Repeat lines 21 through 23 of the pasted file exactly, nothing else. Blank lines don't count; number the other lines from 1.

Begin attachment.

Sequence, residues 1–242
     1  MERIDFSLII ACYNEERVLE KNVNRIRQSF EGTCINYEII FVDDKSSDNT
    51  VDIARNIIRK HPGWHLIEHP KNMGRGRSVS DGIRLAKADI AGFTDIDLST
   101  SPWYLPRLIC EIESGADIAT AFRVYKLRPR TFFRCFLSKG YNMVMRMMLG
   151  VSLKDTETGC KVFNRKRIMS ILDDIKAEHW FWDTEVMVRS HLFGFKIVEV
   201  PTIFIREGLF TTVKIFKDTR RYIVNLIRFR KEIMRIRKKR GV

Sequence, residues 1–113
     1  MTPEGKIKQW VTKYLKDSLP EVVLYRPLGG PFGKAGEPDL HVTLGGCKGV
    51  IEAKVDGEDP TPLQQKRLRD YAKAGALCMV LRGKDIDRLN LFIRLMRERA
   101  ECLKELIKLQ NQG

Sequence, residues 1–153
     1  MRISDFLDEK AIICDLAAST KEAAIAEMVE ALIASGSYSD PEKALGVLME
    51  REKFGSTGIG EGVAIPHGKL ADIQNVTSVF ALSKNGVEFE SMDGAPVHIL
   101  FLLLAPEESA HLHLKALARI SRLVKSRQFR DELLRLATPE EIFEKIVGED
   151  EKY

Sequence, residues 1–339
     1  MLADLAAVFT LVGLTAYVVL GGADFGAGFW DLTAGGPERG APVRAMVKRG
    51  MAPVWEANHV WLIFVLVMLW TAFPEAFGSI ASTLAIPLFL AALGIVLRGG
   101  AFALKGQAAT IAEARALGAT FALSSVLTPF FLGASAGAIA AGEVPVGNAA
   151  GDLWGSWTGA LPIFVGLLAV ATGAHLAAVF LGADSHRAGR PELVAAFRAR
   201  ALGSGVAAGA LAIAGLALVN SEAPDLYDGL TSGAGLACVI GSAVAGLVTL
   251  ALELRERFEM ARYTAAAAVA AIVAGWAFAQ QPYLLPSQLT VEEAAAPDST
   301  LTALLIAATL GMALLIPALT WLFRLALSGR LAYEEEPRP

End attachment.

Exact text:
   201  ALGSGVAAGA LAIAGLALVN SEAPDLYDGL TSGAGLACVI GSAVAGLVTL
   251  ALELRERFEM ARYTAAAAVA AIVAGWAFAQ QPYLLPSQLT VEEAAAPDST
   301  LTALLIAATL GMALLIPALT WLFRLALSGR LAYEEEPRP